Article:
By Gregory Bryce
International Women’s Day would have come and gone by the time this article is published, but I feel that I would not have done justice to our women, if I had not taken the time to highlight some of the achievements that our female athletes have made over the last few months.
Many of these athletes would have seen their efforts needlessly swept under the rug, but they deserve respect for the work being done as pioneers in their field, and outstanding ambassadors of brand Jamaica.
If there was anyone to highlight first, it would most definitely be the woman who holds the record for Jamaica’s all-time top goal scorer – including both the men’s and women’s teams – Khadija ‘Bunny’ Shaw. Shaw had burst on to the football field with the intent of reaching the very pinnacle of the sport, and is well on her way to doing so. From her humble days as a standout student-athlete at St. Jago High School, she has now flourished into one of the best strikers in the women’s game. She currently leads the French league’s scoring chart with 19 goals in 15 games and is looking to lead her club, Bordeaux, to UEFA Women’s Champions League berth.
Another player from the Reggae Girlz to highlight is one of the youngest of the team. Her diminutive stature seems to be the exact opposite of her enormous potential as 18 year-old Jody Brown has proven she will be a force to reckon with in the years to come. Brown made her debut for the senior team at age 16 and two years later, Brown has grown in leaps and bound. She now represents Florida State University where, in her freshman year, she helped the institution win the Atlantic Coast Conference (ACC) Women’s Soccer Championship.
Track and Field
But, who else to speak about than Jamaica’s very own ‘Pocket Rocket’ Shelly-Ann Fraser-Pryce? Ever since she won Jamaica’s heart with her blistering Olympic win back at Beijing 2008, it seems Fraser-Pryce is yet to put a foot wrong. Regarded as one of the best female sprinters of all time, and undoubtedly the best Jamaica has seen, Fraser-Pryce has remained an iconic symbol of strength and determination. As she approaches the homestretch of her career, Fraser-Pryce has spoken about her imminent retirement from the sport, but until then, she remains crème-de-la-crème on the track.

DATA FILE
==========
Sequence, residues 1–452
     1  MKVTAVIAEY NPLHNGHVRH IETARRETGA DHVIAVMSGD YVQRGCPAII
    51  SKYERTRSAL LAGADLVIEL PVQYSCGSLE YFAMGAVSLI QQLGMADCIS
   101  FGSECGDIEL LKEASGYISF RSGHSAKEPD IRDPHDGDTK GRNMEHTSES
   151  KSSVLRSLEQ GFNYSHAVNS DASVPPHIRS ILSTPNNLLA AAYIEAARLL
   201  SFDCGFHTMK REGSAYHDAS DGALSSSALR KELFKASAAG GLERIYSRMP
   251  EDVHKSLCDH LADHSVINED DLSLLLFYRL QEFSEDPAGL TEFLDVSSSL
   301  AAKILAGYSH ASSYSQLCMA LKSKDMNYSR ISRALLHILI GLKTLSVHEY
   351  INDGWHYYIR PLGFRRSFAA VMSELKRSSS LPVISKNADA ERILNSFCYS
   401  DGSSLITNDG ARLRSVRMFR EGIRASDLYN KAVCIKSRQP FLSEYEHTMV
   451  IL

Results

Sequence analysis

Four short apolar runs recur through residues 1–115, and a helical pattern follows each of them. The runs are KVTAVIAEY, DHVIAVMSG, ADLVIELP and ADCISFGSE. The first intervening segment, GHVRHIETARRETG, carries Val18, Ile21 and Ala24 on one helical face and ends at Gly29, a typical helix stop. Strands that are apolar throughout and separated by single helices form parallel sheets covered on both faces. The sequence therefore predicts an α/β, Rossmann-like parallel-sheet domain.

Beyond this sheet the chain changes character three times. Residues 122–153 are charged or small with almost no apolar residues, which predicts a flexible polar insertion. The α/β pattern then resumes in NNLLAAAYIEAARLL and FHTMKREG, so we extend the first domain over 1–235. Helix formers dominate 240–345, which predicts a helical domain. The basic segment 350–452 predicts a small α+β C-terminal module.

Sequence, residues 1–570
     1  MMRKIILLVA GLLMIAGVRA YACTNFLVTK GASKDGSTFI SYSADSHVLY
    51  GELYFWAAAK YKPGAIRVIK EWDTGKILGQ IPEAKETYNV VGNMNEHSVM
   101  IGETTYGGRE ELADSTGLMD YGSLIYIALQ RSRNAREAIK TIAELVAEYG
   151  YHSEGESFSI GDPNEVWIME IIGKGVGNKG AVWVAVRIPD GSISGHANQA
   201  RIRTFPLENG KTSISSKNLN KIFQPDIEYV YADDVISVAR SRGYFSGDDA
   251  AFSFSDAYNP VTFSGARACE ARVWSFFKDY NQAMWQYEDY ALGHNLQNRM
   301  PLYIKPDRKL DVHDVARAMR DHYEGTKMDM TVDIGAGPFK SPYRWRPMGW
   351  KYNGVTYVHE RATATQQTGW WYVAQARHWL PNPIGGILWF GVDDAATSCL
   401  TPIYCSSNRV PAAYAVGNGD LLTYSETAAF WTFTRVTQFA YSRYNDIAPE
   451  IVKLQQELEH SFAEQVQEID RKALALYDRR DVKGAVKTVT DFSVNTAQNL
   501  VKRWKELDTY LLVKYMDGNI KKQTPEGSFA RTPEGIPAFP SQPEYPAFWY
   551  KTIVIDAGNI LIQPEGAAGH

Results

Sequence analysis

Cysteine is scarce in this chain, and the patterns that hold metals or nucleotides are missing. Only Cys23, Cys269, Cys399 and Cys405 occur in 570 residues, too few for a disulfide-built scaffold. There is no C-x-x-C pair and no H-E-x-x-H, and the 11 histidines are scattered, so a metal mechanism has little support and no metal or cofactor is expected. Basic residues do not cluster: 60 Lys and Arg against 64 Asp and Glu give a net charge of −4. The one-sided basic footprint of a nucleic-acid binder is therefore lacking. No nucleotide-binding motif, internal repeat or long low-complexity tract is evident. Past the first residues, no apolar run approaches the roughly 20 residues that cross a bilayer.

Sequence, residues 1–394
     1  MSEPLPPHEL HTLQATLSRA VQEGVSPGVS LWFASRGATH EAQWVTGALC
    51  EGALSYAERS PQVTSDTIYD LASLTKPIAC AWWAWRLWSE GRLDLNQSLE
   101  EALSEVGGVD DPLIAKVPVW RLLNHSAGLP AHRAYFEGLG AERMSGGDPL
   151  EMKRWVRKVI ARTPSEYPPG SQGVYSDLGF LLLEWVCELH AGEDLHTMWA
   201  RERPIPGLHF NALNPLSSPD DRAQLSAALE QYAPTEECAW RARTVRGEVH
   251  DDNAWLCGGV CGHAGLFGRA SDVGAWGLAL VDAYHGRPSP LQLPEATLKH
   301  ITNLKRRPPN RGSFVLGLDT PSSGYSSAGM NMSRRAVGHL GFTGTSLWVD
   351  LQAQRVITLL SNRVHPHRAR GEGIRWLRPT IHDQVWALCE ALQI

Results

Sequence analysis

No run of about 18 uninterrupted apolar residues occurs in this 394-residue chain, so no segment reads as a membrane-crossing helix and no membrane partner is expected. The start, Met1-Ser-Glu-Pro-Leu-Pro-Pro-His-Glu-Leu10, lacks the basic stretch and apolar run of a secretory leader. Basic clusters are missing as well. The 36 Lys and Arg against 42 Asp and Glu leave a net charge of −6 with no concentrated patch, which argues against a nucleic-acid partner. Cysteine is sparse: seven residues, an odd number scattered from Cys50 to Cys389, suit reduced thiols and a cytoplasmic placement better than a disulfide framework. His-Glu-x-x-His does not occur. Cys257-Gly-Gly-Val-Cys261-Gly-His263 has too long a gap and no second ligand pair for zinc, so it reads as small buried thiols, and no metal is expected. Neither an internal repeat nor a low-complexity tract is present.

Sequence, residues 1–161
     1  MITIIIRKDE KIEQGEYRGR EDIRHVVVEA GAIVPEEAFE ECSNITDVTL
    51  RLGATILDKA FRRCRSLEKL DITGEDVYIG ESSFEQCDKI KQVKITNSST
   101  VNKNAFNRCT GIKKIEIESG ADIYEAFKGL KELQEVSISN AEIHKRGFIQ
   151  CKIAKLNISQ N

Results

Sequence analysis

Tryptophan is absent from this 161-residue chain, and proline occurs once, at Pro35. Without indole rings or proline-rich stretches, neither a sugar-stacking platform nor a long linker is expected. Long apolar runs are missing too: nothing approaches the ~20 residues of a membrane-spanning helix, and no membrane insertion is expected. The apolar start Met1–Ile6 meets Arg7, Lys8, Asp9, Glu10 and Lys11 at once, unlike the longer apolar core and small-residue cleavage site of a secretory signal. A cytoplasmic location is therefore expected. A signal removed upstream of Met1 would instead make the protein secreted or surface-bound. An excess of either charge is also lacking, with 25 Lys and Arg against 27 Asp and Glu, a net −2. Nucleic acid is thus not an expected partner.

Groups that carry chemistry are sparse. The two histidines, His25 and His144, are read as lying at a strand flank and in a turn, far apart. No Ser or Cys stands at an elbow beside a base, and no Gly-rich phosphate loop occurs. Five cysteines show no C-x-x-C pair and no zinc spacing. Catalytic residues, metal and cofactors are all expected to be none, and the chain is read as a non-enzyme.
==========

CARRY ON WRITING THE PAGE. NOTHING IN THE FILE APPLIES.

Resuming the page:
In perhaps one of the best examples of passing the torch, Brianna Williams has been sending waves of electrified energy with every race. The blistering Williams only seems to get faster with every race she runs, and has already cemented her place as one of the best of her age group. Having already dominated CARIFTA and the U20 World Championships, Williams is ready to make the step up to the senior ranks and compete with the best the world has to offer.
Even those with the most limited knowledge of netball and the Sunshine Girls know the name Jhaniele Fowler. The 6’5 tall goal shooter, who explained that she had started to play netball because a primary school teacher had picked her to play because she was the tallest girl in her class, is a living legend in her field. Fowler, who made her Sunshine Girls debut back in 2018, has been a trailblazer with the medals to prove her prowess. An inspiration for younger netball players, Fowler remains one of the best goal shooters of the modern game.
To speak about female cricket is to speak about Stafanie Taylor. Captain of the West Indies women’s team, Taylor remains one of the most recognizable players in the women’s sport. The Jamaican has the accolades to back her legacy, having been named the ICC Women’s Cricketer of the Year, ICC Women’s ODI Cricketer of the Year and the ICC Women’s T20I Cricketer of the Year. She was also nominated for the ICC Women’s Cricketer of the Decade and the ODI Women’s Cricketer of the Decade awards. Not a bad career for the Spanish Town native.
Gregory Bryce is a freelance sports journalist.
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